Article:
Q: What is Stattleship?
A: Stattleship is a sports content business that helps brands connect with sports fans through social media. We recognize that the next generation of sports fans are obsessed with sports stats and data. This is not just a fantasy sports thing, it’s a social media thing. Before, during, and after the game fans are on Facebook, Twitter, and Instagram sharing their pain and joy. We see this as an awesome opportunity for brands to engage fans in new ways, but also a huge education opportunity too. We’re also really excited to help people who love sports data learn new data skills and tell stories using data.
Education is a deeply rooted theme for our team at Stattleship, as I’m sure is obvious from us launching this course with the Startup Institute. We want to get people more excited about data and math—visualizing data and telling stories with data. This is a lot easier to do that when the content matter is something people can relate to. For many people, sports data is a lot more exciting than supply chain data or finance data.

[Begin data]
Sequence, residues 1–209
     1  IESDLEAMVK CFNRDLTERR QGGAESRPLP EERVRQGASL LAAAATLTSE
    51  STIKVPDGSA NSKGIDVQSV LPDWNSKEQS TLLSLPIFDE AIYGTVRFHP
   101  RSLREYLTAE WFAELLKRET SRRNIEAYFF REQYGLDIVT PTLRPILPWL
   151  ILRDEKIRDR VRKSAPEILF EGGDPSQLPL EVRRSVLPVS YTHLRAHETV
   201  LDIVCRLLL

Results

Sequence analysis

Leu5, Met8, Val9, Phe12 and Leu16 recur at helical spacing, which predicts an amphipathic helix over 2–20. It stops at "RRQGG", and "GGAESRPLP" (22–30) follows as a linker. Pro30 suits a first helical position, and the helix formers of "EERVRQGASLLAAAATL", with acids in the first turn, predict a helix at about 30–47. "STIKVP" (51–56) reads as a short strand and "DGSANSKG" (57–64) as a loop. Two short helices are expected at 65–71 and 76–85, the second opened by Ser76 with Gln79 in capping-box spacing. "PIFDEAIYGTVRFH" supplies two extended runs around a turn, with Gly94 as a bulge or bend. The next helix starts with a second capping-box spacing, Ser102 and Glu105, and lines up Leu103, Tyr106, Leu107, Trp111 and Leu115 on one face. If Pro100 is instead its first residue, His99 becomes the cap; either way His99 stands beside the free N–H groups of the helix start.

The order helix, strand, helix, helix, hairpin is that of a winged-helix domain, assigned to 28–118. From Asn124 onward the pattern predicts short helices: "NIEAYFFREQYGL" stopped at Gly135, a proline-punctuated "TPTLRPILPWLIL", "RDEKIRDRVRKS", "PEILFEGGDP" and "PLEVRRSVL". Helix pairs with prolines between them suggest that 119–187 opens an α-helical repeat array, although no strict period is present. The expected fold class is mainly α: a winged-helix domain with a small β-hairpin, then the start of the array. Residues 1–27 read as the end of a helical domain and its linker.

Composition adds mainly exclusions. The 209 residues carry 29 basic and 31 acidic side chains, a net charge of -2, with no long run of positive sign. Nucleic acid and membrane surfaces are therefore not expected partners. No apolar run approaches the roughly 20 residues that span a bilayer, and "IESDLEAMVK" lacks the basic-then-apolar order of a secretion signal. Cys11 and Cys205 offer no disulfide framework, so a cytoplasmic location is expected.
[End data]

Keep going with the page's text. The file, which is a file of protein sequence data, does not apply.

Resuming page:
Sports data is really inaccessible to most people. There are a few major providers such as STATS Inc., Sports Direct, and Sports Radar. This data is really expensive, and it’s not easy to use.
At Stattleship, we’re making this data readily accessible and easier to consume. We’re trying to unlock this data that’s been locked up for so long, and also add an additional layer of really cool metrics and new calculations for things. We want to make it a lot more valuable for everyone.[bctt tweet="We're making #sports data accessible + easy to consume @Stattleship"]
Q: Why have you teamed up with us to offer this part-time data science class?